A vitrectomy was scheduled for November 19th; a delicate operation on the eye. Tom’s retinal specialist required that he get clearance from his internist, who is also his endocrinologist, for the surgery. An appointment was made, blood work-up and EKG performed, an we made plans for the next month’s recuperation period. A blip in the EKG and Tom’s long-term diabetes necessitated a stress test. On Tuesday, the stress test showed abnormalities. He was immediately seen by a cardiologist, and an angiogram was scheduled for the next day.

Any procedure is risky, dear reader. It is more so with a Type I diabetic. Tom is on an insulin pump, which is the means by which insulin in controlled. The pump is attached by a small needle to his abdomen, with a long tube (like an IV connection) and a small device, the pump, attached to a belt or pocket.

Need I tell you how friendly a hospital gown is for anyone, let alone someone with any type of life device? They ended up taping the pump to the palm of his hand.

Then, there is the actual administration of insulin during any surgery or procedure.

Well, my Tom is much craftier that Jesse Stone, much swifter than Magnum, PI, and tougher than New York City police chief Frank Reagan. He set the nurses straight on what he needed done and how often he needed his sugar levels checked. Before long, the cardiologist came in, papers were signed, and off my dear husband went for a look-see into his arteries.

A little more than an hour later, my hospital issued pager went off, alerting me that the procedure was over. Tom was coming back to his room, and was doing great. He had several blockages necessitating the implantation of two stents .

What surprised us all the most that one artery was clogged by 82%, the other 99%!

Tom has always eaten well, is very active, maintains healthy weight, and has near perfect cholesterol, especially LDL. He showed no symptoms associated with these sort of blockages. No pain. It was a miracle that these arterial blockages were found in the way that they were – and a miracle that he had not suffered a heart attack.

We cannot begin to express how grateful we are that preparation for eye surgery brought Tom to a stress test – and a renewed lease on life. Nor can we express our gratitude for good doctors making timely calls. Tom has recovered fabulously, the route the cardiologist took was through a small prick in his wrist, making recovery easier. We’ll talk some more about neuropathy and how we have now learned that it can also impair the chest on Brittle in a day so.  Right now, Tom Selleck and I are going out for a short, brisk walk down the Cutoff.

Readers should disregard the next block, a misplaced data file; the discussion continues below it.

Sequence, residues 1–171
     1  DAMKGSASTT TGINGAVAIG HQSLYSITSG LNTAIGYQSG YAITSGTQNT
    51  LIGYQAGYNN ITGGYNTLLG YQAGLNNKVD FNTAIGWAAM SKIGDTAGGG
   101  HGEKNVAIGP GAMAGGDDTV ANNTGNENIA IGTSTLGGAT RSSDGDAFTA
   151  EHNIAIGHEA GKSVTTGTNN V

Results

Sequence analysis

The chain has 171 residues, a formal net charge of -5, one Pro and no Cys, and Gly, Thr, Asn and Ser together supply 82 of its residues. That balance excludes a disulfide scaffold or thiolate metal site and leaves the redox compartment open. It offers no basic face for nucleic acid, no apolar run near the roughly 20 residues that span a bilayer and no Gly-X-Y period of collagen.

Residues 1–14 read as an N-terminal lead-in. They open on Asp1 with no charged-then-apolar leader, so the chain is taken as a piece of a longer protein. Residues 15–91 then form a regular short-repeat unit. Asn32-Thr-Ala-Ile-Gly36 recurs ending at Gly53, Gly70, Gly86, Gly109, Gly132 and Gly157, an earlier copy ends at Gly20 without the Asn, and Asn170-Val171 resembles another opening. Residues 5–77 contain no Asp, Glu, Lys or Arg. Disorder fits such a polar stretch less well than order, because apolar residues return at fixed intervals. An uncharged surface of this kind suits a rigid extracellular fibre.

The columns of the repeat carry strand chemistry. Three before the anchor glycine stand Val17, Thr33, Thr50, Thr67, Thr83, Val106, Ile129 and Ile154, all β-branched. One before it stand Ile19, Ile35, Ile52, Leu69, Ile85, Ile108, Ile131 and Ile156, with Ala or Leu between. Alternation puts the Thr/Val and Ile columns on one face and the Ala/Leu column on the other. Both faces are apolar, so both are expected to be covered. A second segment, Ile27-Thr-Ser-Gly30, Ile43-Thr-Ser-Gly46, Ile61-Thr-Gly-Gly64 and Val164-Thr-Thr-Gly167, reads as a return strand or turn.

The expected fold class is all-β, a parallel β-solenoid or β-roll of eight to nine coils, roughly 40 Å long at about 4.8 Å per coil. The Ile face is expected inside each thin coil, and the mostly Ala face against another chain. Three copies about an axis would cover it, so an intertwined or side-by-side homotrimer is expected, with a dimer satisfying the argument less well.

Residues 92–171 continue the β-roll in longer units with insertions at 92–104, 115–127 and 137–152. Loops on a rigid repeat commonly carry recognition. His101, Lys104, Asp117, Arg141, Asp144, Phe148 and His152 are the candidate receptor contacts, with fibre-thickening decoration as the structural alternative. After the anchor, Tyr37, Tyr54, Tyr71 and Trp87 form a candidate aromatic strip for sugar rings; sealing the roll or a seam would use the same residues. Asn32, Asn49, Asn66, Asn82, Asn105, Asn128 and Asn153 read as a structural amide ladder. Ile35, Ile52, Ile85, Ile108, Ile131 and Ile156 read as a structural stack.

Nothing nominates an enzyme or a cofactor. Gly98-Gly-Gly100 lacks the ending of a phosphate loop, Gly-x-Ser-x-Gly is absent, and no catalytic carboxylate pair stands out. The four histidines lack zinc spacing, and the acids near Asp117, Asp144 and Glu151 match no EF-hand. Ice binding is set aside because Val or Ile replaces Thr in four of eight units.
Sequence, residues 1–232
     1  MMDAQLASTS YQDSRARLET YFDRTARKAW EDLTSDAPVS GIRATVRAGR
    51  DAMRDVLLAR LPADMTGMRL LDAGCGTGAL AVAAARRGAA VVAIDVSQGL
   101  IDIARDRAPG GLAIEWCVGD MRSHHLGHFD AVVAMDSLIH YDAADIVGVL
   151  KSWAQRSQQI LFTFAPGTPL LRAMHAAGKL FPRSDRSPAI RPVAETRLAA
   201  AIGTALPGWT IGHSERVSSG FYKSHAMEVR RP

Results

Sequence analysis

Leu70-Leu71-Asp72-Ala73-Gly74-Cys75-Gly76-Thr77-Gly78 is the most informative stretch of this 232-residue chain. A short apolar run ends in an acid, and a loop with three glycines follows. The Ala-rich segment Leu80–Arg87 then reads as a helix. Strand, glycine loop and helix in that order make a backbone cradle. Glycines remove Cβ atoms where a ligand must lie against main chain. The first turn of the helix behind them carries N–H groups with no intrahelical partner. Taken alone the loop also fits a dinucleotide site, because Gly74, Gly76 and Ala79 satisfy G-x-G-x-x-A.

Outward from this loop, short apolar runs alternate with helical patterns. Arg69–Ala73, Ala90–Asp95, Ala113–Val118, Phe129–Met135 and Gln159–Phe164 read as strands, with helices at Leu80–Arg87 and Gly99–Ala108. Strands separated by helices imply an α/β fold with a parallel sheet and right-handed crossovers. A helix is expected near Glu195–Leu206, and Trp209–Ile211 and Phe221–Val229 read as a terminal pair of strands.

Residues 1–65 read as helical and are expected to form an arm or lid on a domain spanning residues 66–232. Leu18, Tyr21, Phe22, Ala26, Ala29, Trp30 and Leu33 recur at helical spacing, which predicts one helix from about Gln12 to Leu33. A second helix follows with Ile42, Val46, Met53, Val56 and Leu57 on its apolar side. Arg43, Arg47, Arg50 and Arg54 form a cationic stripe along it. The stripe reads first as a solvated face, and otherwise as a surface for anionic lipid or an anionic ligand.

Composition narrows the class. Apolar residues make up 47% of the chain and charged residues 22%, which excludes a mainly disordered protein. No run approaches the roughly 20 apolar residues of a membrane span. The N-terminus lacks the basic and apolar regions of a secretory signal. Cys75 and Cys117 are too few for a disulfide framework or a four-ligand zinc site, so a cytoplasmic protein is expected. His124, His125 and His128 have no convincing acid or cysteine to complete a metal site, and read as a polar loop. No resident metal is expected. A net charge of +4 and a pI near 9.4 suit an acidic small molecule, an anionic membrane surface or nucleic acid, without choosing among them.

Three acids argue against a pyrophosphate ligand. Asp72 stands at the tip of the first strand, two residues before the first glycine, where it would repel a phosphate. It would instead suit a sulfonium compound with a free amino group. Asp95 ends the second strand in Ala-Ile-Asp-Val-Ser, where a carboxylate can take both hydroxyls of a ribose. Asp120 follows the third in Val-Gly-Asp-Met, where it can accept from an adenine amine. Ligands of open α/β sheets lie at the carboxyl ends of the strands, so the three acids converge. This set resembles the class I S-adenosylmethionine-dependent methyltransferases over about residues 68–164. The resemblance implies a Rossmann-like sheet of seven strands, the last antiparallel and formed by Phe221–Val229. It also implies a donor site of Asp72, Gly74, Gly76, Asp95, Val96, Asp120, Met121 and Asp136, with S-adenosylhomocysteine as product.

I feel like saying amen; for this, dear reader, has become a bit of prayer in its writing.

AMEN!

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We call it Veteran’s Day, though our elders, who were children during World War I, may still call it Armistice Day. You might call it Remembrance Day. Whatever the name, these are moments, brief moments in time, set aside to remember and honor those who have fallen in war.

Have you seen Masterpiece Theater’s My Boy Jack? It was aired here in the States on public television a few years ago. It is the story of Rudyard Kipling, and his boy, Jack, who went off to war, and never came home. This is the final scene with a poem so haunting. So poignant. So memorable on this day of remembrance.

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My dear friend Janet, aka Country Mouse, mentioned the candy, Chuckles, in a comment recently on our companion blog, Brittle. It stuck in my mind, like Chuckles can do to one’s teeth, only I forgot the name, which is one of many things that don’t stick in my mind these days. Tom and I chatted about Chuckles over dinner, which lead to another posting on Brittle. The mere mention of Chuckles, once I remembered it, made me smile, then giggle, then laugh as I remembered one of the funniest episodes of the Mary Tyler Moore Show, Chuckles the Clown Bites the Dust.

Like Carol Burnett’s “Went With the Wind” scene, where she descends the staircase in a little something she saw hanging in window, the Chuckles the Clown episode makes me laugh just thinking about it.